The YN prefix indicates which factory built the guitar. I believed the Affinity models where built in Indonesia but I could be wrong. Anyway the next two numbers of a Fender or Squier serial number generally indicate the year it was built. An 08 would be 2008, an 10 would be 2010 a 14 would be 2014 as so on.
     
  3. NotDavidGilmour

    NotDavidGilmour TDPRI Member

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    Okay - so I'll stick with the top load. Is it worth getting a better bridge or anything? I have some kind of obsession with changing every aspect of this guitar, mainly to make it personal to me.

    The next two numbers in the serial are 76 so I doubt it was made in 1976... Also it definitely says made in China
     
  4. soulman969

    soulman969 Telefied Ad Free Member

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    This may help;

    CY: Y = Yako (Taiwan) C = China. CY is followed by 2-digit year. CY appears on most models produced in China, and is by far the most common form. These forms are apparently associated with the change to Crafted in China, so post-1996 models only would have this form of serial number. Some Chinese Gretsch's use a CY serial number.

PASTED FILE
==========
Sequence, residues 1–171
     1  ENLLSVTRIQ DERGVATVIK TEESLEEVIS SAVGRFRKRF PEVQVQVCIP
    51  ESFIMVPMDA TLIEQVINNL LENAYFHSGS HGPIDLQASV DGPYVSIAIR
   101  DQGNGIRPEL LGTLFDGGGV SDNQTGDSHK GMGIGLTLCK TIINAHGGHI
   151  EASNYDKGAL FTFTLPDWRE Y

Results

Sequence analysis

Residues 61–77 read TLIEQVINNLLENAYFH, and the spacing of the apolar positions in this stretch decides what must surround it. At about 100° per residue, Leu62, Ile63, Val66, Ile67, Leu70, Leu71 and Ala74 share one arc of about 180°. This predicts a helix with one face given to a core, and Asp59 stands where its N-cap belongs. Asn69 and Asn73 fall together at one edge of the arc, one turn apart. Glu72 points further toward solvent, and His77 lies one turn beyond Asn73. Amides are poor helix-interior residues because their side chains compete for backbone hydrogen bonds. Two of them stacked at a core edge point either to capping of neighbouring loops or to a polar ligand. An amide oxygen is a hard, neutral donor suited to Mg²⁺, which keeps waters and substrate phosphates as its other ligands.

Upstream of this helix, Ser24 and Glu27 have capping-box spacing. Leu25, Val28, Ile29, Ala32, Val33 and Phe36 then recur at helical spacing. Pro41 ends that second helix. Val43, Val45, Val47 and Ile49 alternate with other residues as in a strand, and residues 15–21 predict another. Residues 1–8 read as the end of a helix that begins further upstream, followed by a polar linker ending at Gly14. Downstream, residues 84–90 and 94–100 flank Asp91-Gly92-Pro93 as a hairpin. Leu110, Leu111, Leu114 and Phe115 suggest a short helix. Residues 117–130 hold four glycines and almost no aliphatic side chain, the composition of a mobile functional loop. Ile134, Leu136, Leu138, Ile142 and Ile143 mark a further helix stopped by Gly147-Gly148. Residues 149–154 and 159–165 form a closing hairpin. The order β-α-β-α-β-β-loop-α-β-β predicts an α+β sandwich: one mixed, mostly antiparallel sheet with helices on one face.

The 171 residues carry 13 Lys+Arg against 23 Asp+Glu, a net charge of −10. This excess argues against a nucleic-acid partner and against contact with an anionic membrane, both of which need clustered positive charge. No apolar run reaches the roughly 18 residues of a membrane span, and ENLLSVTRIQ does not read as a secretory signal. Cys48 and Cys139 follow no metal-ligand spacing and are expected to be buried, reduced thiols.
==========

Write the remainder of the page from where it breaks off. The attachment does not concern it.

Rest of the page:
YN is associated with 'made in china' rather than 'crafted in china' and 1996 was the year they swapped to 'crafted in china' and mostly CY prefixes.

    So from this info yours was manufactured in China (possibly Taiwan) in or before 1996. The number could be a month/year code like 7 = July and 6 = 1996 but that's simply a guess. You might login over at the SquierTalk site. Someone there may have better info or they can suggest a source.